Coincidentally, I started to read this book on the 26th July - exactly 100 years after Childers landed in Howth with a cargo of arms on board the Asgard. He was on the wrong side of the Irish Civil War and a vengeful government had him executed on 24th November 1922 for possession of a pistol. A tragic person.

Thursday, August 07, 2014

Book Review: "The Long Shadow: The Great War and the Twentieth Century" by David Reynolds

With the recent 100th anniversary of the outbreak of the World War I there are many new books about the war. This new book by David Reynolds has an interesting angle on the effects of the war right through the 20th century. It is a long book (544 pages) and I bought the Kindle edition for a bargain £6.64. 

Image Source: Amazon.
The book covers many themes from "Empire", to "Capitalism", and to "Remembrance". It is easy to read - not too academic. For Irish readers there are interesting aspects of the effects of the Home Rule Bill in 1914, and the consequences of the 1916 Easter Rising's shadow reaching the Troubles in Northern Ireland via the 50th anniversary commemorations of the Rising in 1966. The book is dominated (for me) by the British experience - there is even a whole chapter devoted to the "Tommies". However, other conflicts in the Middle East and of course World War II are discussed. Reynolds very cleverly links events in a way that the reader may not have ever connected them.

Though the book is very long, I'd certainly recommend it for its different angle on the war.

Monday, August 04, 2014

Exploring Northern Ireland's Causeway and Mourne Coastal Routes - Strangford to Newry (100 kms)

The final section of my tour of Northern Ireland took me around the Mourne Mountains in Co Down. Though not as specular as the Co Antrim coast, I certainly enjoyed this road in the early evening sunshine. I think that it would be even better if done on the morning when the sun shines from the east.




At first the road runs along the edge of Strangfrod Lough and I can see back towards the Ards Peninsula where I had been a few hours earlier. Just as the road turns inland for the village of Ardglass I came across the very fine Kilclief Castle which dates from 1413. It is open to the public in the afternoons only and it was closed for the evening and I could not get inside. Nevertheless, a nice surprise as this is the earliest surviving tower house in Ulster. There is a good poster sign showing how the inside might have looked when it was inhabited.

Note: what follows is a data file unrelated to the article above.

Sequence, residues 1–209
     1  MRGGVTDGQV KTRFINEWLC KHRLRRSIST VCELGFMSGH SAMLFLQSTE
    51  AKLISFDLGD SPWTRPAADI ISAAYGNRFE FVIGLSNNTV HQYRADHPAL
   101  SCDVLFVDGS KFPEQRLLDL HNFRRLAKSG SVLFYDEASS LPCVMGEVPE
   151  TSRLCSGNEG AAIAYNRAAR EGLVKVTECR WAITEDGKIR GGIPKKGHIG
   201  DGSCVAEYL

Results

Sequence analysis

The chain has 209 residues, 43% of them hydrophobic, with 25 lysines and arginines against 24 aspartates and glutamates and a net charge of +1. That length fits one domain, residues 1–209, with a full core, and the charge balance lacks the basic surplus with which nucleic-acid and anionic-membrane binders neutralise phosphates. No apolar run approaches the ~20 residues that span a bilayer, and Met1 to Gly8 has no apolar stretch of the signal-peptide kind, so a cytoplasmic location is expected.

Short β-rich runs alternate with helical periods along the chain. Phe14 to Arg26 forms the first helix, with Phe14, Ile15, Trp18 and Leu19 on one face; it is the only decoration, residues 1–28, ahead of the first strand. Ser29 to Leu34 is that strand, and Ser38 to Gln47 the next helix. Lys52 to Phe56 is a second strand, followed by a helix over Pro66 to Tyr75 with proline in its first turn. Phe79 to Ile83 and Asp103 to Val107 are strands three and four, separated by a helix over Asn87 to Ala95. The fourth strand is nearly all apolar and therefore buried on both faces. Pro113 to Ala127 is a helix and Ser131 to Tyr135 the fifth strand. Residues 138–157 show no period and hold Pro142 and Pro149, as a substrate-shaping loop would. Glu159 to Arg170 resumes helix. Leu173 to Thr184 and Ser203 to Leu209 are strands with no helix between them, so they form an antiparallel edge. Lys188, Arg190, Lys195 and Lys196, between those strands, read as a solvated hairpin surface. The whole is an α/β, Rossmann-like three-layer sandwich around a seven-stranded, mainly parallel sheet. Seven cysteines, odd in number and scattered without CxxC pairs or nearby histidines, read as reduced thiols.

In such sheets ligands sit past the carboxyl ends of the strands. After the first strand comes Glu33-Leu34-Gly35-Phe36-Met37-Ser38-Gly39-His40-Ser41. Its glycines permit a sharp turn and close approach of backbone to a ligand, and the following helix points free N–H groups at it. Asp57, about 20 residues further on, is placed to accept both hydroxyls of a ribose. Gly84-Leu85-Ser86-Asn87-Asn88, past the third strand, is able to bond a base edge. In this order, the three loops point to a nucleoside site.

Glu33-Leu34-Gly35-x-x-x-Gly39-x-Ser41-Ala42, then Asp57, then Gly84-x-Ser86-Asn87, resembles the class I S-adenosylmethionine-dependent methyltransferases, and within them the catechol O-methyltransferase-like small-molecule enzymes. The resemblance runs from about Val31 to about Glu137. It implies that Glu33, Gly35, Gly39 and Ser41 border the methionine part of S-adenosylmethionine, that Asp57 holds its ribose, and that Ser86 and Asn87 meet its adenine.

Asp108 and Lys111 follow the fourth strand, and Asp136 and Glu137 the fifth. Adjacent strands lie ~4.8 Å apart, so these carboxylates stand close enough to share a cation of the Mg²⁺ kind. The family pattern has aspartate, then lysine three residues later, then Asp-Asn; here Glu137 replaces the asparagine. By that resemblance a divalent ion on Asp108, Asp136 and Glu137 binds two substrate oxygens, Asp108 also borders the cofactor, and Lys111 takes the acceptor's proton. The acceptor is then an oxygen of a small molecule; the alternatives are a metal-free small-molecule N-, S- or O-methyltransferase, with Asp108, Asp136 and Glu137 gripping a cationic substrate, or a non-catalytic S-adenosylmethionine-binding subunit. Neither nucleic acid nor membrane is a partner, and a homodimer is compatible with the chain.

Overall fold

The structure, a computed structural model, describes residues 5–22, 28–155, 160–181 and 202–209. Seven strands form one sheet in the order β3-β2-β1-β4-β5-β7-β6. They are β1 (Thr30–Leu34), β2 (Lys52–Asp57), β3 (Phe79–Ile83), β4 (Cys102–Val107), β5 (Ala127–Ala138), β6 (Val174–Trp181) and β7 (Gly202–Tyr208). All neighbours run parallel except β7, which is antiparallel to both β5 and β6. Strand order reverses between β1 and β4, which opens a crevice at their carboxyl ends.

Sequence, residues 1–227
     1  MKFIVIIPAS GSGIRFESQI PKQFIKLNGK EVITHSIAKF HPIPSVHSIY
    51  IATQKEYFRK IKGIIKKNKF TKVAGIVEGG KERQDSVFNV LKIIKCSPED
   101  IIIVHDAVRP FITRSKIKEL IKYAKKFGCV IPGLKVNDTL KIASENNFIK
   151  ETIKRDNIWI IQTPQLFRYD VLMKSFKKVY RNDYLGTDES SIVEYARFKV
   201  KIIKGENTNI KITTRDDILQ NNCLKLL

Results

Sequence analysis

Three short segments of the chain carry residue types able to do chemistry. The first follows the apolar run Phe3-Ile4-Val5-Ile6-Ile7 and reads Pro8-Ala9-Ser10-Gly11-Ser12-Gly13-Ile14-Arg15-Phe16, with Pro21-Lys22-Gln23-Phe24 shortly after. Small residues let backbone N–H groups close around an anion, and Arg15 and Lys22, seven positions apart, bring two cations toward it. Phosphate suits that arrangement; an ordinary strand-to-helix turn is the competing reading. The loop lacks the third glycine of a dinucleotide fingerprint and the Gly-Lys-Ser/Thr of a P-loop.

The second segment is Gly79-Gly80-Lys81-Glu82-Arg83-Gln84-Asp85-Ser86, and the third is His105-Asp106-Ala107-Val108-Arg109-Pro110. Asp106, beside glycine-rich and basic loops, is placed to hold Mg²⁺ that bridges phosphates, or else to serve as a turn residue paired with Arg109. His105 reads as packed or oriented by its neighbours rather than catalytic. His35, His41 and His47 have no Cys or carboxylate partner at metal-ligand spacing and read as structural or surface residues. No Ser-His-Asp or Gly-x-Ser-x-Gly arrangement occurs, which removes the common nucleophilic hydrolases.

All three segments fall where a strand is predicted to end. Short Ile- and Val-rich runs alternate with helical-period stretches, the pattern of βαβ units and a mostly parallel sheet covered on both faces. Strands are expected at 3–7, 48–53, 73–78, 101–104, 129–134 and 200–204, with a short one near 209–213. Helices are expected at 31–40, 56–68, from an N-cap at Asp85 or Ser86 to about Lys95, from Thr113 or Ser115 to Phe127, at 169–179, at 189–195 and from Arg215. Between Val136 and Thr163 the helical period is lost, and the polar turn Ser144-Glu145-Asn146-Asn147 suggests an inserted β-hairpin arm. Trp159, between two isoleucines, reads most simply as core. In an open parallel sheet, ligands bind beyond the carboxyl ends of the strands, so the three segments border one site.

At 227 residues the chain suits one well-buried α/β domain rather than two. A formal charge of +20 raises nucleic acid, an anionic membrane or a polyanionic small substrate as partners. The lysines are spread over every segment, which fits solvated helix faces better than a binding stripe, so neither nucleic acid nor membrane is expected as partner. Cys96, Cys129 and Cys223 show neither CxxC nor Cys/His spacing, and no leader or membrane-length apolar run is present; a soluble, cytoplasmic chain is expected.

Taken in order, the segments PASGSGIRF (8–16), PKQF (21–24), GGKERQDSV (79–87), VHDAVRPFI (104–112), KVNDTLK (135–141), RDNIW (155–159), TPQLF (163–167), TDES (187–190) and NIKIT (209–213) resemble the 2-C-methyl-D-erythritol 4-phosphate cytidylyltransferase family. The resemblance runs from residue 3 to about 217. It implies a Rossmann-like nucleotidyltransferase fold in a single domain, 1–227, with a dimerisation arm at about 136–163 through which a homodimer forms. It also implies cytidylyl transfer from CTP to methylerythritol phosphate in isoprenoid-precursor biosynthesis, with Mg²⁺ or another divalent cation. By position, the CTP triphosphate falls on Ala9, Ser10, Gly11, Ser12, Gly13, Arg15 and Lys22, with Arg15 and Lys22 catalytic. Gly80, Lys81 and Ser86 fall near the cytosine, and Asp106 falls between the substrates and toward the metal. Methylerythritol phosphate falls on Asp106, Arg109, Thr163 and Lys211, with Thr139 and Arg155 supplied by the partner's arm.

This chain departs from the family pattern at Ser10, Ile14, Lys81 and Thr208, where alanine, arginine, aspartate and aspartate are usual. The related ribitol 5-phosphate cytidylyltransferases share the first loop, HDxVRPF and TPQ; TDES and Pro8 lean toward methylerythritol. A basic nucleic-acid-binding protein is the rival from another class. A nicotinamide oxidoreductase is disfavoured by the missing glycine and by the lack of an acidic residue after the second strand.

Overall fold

I motored on to Ardglass, a village which contains four medieval tower-houses - more than any other town in Ireland. The best known of these is Jordan's Castle (photo to right) - the other three are  Ardglass Castle, Cowd Castle, and Margaret's Castle .

Close by there is Coney Island (which is not really an island) - a namesake of the more famous version in America, and of course another one in Co Sligo on the Wild Atlantic Way.Further on the road is the village of Killough, which is similar to Ardglass in that it is situated on a circular bay. There are lots of lovely sycamore trees lining the main street here. Accoridng to Wikipedia "Killough is in the running for a nomination in the competition for Ireland's first Amish Village, helped in no small way by the absence of an Off-License, a Chinese Takeaway, a Bookmakers and indeed any form of craic at all"!

Following Killough, I was getting closer to the Mourne Mountains - there were in the misty distance at the time (and hard to photograph). I passed the quiet villages of Clough and Dundrum before reaching the much busier town of Newcastle which has the beginning of the mountains as a gorgeous backdrop - you would think you were in the Alps here! It is a popular seaside resort and starting point for tourists checking out where the mountains of Mourne sweep down to the sea.


In the village of Annalong I stopped to take a photo of an archway across the road featuring King William III on his white horse - it also bore the legend MY HELP COMETH FROM THE LORD (Psalm 121:2). Like many towns and villages across Northern Ireland there was lots of colourful flags and bunting out to celebrate the 12th July.

In Kilkeel, I paid a quick visit down to the harbour - this is the main fishing port in Co Down, with one of the largest fleets in Ireland taking shelter here. Interestingly, the river Aughrim runs though this town of winding streets. I motored inland from here to the village of Rostrevor. By now the sun was almost setting and I got a great view of the sea and hills around this village and Carlingford Lough. MAny well known people lived in Rostrevor, including Dana, Mary McAleese, and T. K. Whitaker (the economist and a pivotal figure in the development of the Republic of Ireland).